Red and blue flashes, and the blinding beam of a helicopter spotlight, lit up the nearly pitch-black North Highlands street, as police finally chased down a shooting suspect just minutes after midnight.
It all came as quite a shock to resident Suzette Halterman, who said the suspect had hopped her fence and run through her yard — adding urgency to a complaint she and her neighbors had been reporting to Sacramento County for some time:
After two months of darkness, they need their street lights back on.
“I was actually so scared that I left my house and I went to my mother’s house,” said Halterman, who has lived in the neighborhood for years. “We’re losing our security on our streets.”
Residents all along San Ardo Way and the connecting Santa Fe Way have complained to the county about the lights, but so far no one will explain why repairs haven’t been made, Halterman said.
“Not a response from anybody,” she said. “And that to me is outrageous.”
“We have not been able to notify all the residents yet,” said Reza Moghissi, the chief of the Department of Transportation’s operations and maintenance.
The department simply can’t keep up with the 1,100 neighborhood street lights currently broken in the county — most of them because crooks have stolen the valuable copper wiring, according to Moghassi.
He said they have replaced the copper wiring in Halterman’s neighborhood before, only to have it stolen again.
“Wire theft has affected more lights in the past two and a half months than in the past 10 years combined,” he said.
Taxpayers such as Halterman pay a semiannual levy for street light maintenance in their neighborhood, but the county doesn’t want to replace wiring only to have it stolen again.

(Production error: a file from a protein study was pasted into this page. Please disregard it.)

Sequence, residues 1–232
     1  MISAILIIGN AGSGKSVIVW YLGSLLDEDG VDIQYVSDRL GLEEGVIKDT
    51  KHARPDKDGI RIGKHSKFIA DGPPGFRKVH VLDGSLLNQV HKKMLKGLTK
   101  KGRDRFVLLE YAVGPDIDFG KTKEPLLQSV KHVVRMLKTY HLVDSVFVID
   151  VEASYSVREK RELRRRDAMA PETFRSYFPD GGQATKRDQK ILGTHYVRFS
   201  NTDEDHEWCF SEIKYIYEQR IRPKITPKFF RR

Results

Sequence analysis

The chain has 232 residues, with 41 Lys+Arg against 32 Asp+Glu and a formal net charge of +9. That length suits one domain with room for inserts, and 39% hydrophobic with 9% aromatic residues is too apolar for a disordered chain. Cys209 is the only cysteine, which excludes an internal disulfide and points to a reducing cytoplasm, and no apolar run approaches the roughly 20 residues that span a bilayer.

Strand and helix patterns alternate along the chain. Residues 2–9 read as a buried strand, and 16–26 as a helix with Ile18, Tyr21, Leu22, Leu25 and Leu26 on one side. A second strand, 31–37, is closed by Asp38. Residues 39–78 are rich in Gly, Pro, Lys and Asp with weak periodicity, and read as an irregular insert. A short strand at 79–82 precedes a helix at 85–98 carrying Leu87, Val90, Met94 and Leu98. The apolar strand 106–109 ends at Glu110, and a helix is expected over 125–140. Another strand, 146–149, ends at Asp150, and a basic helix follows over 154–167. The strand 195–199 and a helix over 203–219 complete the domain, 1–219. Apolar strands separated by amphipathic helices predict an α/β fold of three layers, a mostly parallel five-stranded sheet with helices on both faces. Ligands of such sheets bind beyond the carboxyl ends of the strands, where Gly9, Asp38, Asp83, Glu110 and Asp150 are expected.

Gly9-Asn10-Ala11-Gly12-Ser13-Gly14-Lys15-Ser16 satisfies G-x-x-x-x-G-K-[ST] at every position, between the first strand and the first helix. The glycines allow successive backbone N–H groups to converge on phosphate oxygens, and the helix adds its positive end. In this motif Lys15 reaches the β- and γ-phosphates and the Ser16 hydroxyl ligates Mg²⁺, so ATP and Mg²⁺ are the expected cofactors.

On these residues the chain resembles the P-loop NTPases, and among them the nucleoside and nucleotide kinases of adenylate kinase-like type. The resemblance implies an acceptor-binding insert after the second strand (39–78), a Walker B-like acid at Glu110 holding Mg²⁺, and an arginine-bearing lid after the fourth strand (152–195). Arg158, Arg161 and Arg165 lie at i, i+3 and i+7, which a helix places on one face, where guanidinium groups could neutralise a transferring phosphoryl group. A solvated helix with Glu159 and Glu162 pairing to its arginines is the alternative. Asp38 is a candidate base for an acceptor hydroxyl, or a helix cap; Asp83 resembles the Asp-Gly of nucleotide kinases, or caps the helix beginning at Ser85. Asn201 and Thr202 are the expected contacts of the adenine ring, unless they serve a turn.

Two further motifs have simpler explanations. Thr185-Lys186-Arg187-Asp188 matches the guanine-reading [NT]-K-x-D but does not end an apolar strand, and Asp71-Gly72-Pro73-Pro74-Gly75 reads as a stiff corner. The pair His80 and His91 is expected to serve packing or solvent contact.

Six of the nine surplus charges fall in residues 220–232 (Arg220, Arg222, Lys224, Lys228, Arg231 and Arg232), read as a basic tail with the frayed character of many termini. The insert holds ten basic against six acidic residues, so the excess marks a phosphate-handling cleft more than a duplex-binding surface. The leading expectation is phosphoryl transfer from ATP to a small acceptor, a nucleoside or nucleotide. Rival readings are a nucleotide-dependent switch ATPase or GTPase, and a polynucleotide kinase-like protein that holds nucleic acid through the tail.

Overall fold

So now they’re going to try something new, Moghassi said.
“We have decided to weld [the light pole access box] shut so that no one will be able to get to it,” he said, acknowledging it will complicate the job for repair crews as well as for wire thieves.
Another change is that the in-ground access boxes will now be filled with concrete so the wiring isn’t exposed, he said.
Residents in dark neighborhoods, however, will be stuck without street lights for at least another month — even longer for most neighborhoods, according to Moghissi.
“We have given higher priority to [repairing] the traffic signals rather than the street lights,” he said.
“We’re coming into a time when it gets dark earlier,” said Halterman, saying she’s concerned for children in the neighborhood who will be trick-or-treating in complete darkness.
“Why am i paying for them if there’s nothing to maintain anymore?” she said.
After CBS Sacramento got involved, the county began sending out letters explaining the delay to affected neighborhoods, Moghissi said, adding that an informational Web page is also being made.
Once all the traffic lights are fixed, however, he said Halterman’s neighborhood will be first to get its lights back.
“That neighborhood is actually the first neighborhood we’re going to go to as soon as we get the contractor on board,” he said.